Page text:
A couple months ago my fancy DSLR camera that I use for work purposes crapped out on me. It was a decade old so it wasn’t too surprising. The question, then, was whether to buy another professional camera or just upgrade to an iPhone Pro. After plenty of research, I came to the conclusion that the difference in quality and functionality for the layman photographer (which includes me; I take photos for work, but taking photos isn’t my job) between a pro camera and a smartphone camera just isn’t great enough to justify having two separate pieces of tech.
The smartphone cameras of 2020 are true wonders of technology. Not only is the photo quality exceptional, but the free editing functions are akin to software that used to cost hundreds of dollars. Unless you’re a professional photographer (or a very serious amateur), there just isn’t much need to venture beyond the device in your pocket.
Yet even with its suite of built-in features, taking great pictures with your phone isn’t necessarily easy or intuitive. After I got an iPhone Pro, I took a couple classes to get the hang of the phone as well as learn some basic photography skills and I’ve been thrilled with the results. Below are what I consider the simplest and most effective tips to upgrade the photos you’re taking with your smartphone.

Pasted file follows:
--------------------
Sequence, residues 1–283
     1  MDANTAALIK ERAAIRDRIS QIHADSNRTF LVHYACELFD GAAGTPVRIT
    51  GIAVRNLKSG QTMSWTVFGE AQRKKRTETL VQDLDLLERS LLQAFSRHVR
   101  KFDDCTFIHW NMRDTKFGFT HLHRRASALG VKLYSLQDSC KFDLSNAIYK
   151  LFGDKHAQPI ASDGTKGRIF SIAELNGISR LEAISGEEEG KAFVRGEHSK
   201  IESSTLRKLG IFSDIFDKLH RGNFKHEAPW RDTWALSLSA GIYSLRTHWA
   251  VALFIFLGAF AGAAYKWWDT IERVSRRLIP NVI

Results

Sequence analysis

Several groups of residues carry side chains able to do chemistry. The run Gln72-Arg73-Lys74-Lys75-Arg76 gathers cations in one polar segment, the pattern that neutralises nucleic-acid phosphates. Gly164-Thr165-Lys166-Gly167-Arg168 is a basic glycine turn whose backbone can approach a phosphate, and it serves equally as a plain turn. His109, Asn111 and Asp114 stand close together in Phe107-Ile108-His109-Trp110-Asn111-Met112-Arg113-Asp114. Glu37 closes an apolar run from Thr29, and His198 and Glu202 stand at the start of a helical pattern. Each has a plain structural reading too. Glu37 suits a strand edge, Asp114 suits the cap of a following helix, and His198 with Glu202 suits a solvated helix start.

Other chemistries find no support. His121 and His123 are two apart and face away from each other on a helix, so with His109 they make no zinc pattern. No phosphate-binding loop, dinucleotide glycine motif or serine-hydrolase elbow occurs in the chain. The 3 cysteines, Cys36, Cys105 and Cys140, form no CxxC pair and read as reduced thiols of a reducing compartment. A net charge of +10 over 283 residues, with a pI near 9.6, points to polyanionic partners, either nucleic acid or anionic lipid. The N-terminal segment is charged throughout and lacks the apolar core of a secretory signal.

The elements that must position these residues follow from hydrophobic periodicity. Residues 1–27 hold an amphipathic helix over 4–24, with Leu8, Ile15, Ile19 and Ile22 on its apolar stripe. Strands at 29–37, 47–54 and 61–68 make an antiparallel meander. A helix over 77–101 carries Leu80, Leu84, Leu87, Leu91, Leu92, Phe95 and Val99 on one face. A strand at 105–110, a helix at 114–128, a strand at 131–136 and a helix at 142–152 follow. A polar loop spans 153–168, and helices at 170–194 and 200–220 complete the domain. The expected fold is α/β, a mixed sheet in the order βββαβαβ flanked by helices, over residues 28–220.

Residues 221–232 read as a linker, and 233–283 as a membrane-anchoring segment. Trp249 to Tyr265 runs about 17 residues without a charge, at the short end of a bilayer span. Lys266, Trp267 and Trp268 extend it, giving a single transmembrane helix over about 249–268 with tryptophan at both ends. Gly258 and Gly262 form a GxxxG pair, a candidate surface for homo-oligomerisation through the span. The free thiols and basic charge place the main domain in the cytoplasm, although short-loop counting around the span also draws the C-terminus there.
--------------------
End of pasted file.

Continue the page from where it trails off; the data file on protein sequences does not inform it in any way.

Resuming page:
1. Use Grid Lines (At First)
One of the classic tenets of photography (and most visual art mediums) is the “rule of thirds.” An image should be broken into thirds, both horizontally and vertically. As a grid, this makes for nine squares. Your instinct is probably to put the main subject of your photo right in the center. Don’t do that. Instead, place the subject — whatever you’re trying to take a picture of and draw people’s eyes to — near one of the four intersecting points.
To get acquainted with using the rule of thirds, you can easily make those grid lines show up right on your camera screen:
iPhone: “Settings” —> “Camera” —> toggle “Grid” on Android: from Camera app, go to “Settings” —> scroll down to “Grid Lines” and toggle on
Once you get used to the grid, you’ll naturally get better at composing your photos, and you can turn the grid lines off.
In addition to helping you follow the rule of thirds, using grid lines also helps accomplish another key tenet of good photography (and design in general): embracing negative/white space. Rather than filling up the entire photo with your main subject, you want to leave white space around it, which actually better draws the eye towards your focal point. Whether you’re taking a picture of a person, a mountain, or a plate of food, the primary focus of the photo, in most cases, shouldn’t compose more than ⅓ to ½ of the total area in your frame.
Look at the photo above. By using the rule of thirds and placing the